(N = 79, 23.5%). It was also noted that all the patients who
had a disability were those from the ulcer stage. Again, the
majority (62.2%) of the study patients resided in the EjisuJuaben Municipality.
In terms of disabilities, out of the 336 positive BU patients who patronized the facility, 113 developed disabilities
at dierent parts of their bodies. The ages of the BU disabled
patients cut across all the age groups (a mean age of 52.5
(1.32) years), with the bulk of them falling within 6074
years followed by 014 years old children (Figure 1).
Each patient was taken through the three laboratory
investigations. The laboratory report (ZN, culture, PCR, and
histopathology) of the 336 patients revealed that PCR and
histopathology recorded the highest sensitivity as compared
to the other tests. Table 1 shows the age groups of patients
against the number of BU patients who tested positive in each
laboratory investigation.

Table 1: Distribution of laboratory confirmation of the Buruli ulcer

patients (N = 336).



Laboratory test


The trend of BU cases and disabilities was found to be

increasing from 2004 to 2009, with the year 2008 having the
highest BU cases (N = 97, 28.9%). In terms of percentage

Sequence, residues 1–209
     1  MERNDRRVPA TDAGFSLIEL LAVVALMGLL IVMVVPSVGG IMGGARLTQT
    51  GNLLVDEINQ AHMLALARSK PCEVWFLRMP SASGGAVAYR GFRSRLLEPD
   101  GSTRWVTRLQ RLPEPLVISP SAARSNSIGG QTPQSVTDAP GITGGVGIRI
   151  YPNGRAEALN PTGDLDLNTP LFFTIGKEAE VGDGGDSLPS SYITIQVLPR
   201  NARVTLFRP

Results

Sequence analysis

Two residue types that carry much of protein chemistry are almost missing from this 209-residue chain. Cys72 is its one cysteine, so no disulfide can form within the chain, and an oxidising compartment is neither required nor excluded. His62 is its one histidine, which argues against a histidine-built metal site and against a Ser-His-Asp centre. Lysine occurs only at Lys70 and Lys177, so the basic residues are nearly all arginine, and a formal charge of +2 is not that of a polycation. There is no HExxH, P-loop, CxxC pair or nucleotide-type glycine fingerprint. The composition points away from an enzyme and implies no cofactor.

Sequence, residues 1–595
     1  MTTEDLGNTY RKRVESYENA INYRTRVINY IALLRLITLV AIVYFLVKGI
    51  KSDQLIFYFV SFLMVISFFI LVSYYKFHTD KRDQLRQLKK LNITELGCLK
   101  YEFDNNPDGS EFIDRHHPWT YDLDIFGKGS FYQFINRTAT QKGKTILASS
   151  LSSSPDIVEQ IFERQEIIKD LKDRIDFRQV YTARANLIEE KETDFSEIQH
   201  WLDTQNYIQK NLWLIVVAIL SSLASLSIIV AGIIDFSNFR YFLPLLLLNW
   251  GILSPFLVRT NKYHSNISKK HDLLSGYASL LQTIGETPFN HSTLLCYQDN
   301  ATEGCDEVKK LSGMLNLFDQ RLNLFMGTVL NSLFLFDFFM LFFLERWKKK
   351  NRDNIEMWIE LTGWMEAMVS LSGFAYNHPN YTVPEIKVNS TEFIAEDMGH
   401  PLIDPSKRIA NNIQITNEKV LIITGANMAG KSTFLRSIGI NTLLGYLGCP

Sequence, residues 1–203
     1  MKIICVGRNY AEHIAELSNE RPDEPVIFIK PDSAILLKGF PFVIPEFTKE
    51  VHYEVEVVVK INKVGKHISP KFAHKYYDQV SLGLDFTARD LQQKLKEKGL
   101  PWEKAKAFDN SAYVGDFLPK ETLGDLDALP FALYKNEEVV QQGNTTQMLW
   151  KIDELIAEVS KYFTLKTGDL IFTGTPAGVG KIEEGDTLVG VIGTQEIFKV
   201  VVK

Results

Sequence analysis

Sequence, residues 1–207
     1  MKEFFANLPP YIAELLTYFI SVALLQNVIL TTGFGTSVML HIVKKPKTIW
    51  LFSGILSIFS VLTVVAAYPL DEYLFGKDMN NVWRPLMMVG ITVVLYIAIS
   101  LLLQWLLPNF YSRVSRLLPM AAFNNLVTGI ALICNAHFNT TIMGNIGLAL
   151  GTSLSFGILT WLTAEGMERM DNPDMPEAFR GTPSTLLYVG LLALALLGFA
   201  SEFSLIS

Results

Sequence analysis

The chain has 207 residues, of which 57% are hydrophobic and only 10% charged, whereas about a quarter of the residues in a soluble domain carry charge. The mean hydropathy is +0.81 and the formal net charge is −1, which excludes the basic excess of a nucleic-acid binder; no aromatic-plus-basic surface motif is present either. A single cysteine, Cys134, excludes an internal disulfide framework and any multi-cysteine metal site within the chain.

disability, 2007 recorded 22.5% and 2008 recorded 29.9%,
while 2009 registered 31.0% (Figure 2).
The contractures were mostly located at the lower limbs
(N = 65, 57.5%), with few (6.2%) located in the head and
neck region (HNR) of the patients (Table 2).
Representations of these locations are shown in Figures
3, 4, and 5.

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Table 2: Location and distribution of Buruli ulcer sequelae on

patients (N = 113).
Location of sequelae
Lower extremity contracture
Upper extremity contracture
Amputation within the lower extremities
Amputation within the upper extremities
Loss of eye (s)
Loss of eyelids
Loss of nose (or part of it)

Frequency (%)
56 (49.6)
38 (33.7)
9 (8.0)
3 (2.6)
2 (1.7)
4 (3.5)
1 (0.9)
Figure 5: Wrist contracture of the left hand caused by Buruli ulcer.

2.6%, N = 3
61.1%, N = 69

Figure 3: Buruli Ulcer Sequelae of the face.

36.3%, N = 41


Figure 6: A chart showing the distribution of the categories of


4. Discussion

Figure 4: Shoulder joint contracture caused by Buruli ulcer.

The category of lesions had been classified into three

(3) groups according to WHO [25]. Category (CAT) 1 is
for single lesion <5 cm in diameter, CAT 2 for single lesion
515 cm in diameter, and CAT 3 > 15 cm for single or
multiple lesions at critical sites such as the joints and others